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Equilibrium constants Ka, Kc, Kx, Kp and rate constants in reversible reactions

  1. Aug 15, 2012 #1
    Is the statement Ke=k+/k- valid for all equilibrium constants like Ka, Kx, Kp, Kc? All of the expressions I have found for this statement relate Kc, k+ and k- only.
     
  2. jcsd
  3. Aug 15, 2012 #2
    At equilibrium, the rate of the forward reaction must equal the rate of the reverse reaction. If the rates are expressed in terms of activities, then the equilibrium constant will be equal to the ratio of the forward- to the reverse rate constant.
     
  4. Aug 15, 2012 #3
    Thanks for your reply, I knew that but my doubt is exactly if Ke=Ka=Kc=Kx=Kp=(k+/k-) but in advance I Know that Ka≠Kc≠Kx≠Kp so the statement Ke=k+/k- is valid only valid for Kc according to my findings in literature. What about the others equilibrium constants? Is this statement valid for them If so what would be the differences in order to maintain the fact that Ka≠Kc≠Kx≠Kp?
     
  5. Aug 16, 2012 #4
    So that we are on the same page, please refresh my memory of the definitions of Ka, Kc, Kx, and Kp. Do all of these refer to equilibrium constants for chemical reactions using different concentration parameters (and units)?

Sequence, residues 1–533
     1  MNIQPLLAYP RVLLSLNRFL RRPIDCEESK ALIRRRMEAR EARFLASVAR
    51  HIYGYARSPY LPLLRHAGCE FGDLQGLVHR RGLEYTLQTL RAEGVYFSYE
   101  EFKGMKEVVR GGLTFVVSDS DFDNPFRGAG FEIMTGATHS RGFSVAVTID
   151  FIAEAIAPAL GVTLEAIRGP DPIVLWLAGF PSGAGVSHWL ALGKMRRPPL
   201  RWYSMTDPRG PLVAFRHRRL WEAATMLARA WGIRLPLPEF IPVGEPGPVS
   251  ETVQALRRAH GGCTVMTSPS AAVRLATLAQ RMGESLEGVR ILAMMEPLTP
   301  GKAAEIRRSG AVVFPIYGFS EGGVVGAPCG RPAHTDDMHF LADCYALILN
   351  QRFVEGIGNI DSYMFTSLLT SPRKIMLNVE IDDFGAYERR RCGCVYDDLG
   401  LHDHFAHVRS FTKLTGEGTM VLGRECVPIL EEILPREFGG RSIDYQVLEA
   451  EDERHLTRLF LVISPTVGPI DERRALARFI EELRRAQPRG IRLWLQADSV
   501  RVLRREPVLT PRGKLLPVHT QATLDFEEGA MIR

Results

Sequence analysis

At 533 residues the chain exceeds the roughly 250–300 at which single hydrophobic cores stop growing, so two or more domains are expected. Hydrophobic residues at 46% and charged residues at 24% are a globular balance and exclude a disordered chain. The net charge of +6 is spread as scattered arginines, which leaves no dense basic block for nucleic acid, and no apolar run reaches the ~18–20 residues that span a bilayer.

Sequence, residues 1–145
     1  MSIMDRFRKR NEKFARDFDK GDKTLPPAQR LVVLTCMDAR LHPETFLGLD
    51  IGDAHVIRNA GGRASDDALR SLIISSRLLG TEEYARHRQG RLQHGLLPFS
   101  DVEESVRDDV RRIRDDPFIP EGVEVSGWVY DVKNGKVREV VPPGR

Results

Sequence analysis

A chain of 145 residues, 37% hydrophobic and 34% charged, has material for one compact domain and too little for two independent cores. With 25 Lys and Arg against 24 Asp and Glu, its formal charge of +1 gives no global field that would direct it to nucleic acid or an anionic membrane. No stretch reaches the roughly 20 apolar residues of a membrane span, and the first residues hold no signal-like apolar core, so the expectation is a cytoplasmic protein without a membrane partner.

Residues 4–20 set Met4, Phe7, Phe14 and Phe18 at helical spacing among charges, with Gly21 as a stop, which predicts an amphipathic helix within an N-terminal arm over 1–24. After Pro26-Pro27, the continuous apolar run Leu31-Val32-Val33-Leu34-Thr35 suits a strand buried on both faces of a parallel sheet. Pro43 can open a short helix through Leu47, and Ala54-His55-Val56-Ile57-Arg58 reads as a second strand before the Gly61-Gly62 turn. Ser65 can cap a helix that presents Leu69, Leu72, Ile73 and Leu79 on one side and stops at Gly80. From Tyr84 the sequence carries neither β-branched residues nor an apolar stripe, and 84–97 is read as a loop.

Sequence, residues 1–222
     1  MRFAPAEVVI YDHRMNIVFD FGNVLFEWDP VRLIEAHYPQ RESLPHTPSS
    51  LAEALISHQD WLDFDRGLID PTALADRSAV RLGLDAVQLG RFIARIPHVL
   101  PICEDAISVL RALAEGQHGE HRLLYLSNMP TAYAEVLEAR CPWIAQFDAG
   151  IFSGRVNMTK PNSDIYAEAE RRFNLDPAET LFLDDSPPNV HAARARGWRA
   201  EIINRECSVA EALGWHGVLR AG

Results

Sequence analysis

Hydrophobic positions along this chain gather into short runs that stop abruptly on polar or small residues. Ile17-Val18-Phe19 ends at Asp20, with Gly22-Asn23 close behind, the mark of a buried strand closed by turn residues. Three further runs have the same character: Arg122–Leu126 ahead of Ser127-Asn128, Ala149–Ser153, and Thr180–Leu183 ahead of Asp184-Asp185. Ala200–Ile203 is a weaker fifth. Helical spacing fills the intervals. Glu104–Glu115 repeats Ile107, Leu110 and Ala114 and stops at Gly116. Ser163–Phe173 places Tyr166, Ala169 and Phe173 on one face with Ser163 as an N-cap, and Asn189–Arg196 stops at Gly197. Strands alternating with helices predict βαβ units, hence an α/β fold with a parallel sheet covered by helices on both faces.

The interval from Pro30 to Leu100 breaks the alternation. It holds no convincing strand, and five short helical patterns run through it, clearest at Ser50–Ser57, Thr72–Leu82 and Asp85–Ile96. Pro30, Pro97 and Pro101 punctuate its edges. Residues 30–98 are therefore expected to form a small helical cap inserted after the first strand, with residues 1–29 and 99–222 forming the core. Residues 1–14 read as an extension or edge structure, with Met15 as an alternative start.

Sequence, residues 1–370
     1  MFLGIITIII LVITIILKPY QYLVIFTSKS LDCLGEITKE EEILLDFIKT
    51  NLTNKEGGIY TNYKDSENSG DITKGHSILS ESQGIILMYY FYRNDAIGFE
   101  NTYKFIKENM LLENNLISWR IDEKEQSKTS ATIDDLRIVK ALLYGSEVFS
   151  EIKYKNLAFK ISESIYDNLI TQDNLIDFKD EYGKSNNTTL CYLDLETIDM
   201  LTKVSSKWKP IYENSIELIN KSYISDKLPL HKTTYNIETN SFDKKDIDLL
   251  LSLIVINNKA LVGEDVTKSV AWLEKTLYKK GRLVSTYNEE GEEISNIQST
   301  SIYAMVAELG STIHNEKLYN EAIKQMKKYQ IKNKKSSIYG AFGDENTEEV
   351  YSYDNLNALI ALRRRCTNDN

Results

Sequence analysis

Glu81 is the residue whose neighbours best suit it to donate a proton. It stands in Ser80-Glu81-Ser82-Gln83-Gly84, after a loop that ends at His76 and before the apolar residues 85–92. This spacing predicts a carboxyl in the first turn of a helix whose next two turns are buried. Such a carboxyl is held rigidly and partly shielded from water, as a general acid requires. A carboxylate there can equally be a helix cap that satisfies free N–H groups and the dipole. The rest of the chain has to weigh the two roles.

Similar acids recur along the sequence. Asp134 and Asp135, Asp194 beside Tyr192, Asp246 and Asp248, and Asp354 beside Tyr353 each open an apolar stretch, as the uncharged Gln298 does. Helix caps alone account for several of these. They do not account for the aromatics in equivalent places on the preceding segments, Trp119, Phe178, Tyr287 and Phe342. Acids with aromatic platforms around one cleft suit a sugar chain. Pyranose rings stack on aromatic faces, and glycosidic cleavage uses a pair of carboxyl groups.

6. Aug 16, 2012 #5
    Yes, Indeed. All of them are equilibrium constants for chemical reactions.

    Kc is the most used. It is based on concentration or molarities. Kc=∏(cj^Sj) where Sj is the stoichiometric coefficient of j chemical compound and Cj is its concentration. Concentration is often written as [j]. It has [mol/volume]^Sj units.

    Kp is used in reactions in vapor phase so its defined through partial pressures of j in the vapor phase. Kp=∏(pj^Sj). It has [pressure]^Sj units.

    Kx is in terms of mole fractions. It used for liquid phase reactions. Kx=∏(xj^Sj). It's dimensionless.

    Ka is the Thermodynamic Equilibrium Constant. By definition Ka=∏(aj^Sj). It's dimensionless.

    All of them are different and I don't know if you can use the concept Ke=k+/k- for all of them. If so, what would be the differences?
     
  7. Aug 17, 2012 #6
    Yes, they are all related to one another. Start out by writing KE in terms of activities or fugacities. Then express the activities in terms of concentration times activity coefficient, or fugacities in terms of pressure times fugacity coefficient. This will let you see how the different K's are related, and where the k+ and k- can come in.
     
  8. Aug 22, 2012 #7
    Would it be correct if I'd wrote something like: Kc = k+/k- = Ka/[{(ƩCj)^(-ƩSj)}*{∏(P^Sj)}*{∏(∅j^Sj)}] ? Here, P is total pressure and ∅j is the fugacity coefficient of j.
     
  9. Aug 24, 2012 #8
    The easiest way to study this is to assume ideal gas behavior and ideal solutions (no heat of mixing). Start out simple, by relating Kp and Kc. The partial pressure of a species is related to the concentration by p = c RT. Substitute this into the expression for Kp. This should allow you to determine the relationship between Kc and Kp. Starting simple like this is very helpful. Why? If you can't solve for the simplest case, you certainly won't be able to do more complicated cases.

    Chet
     
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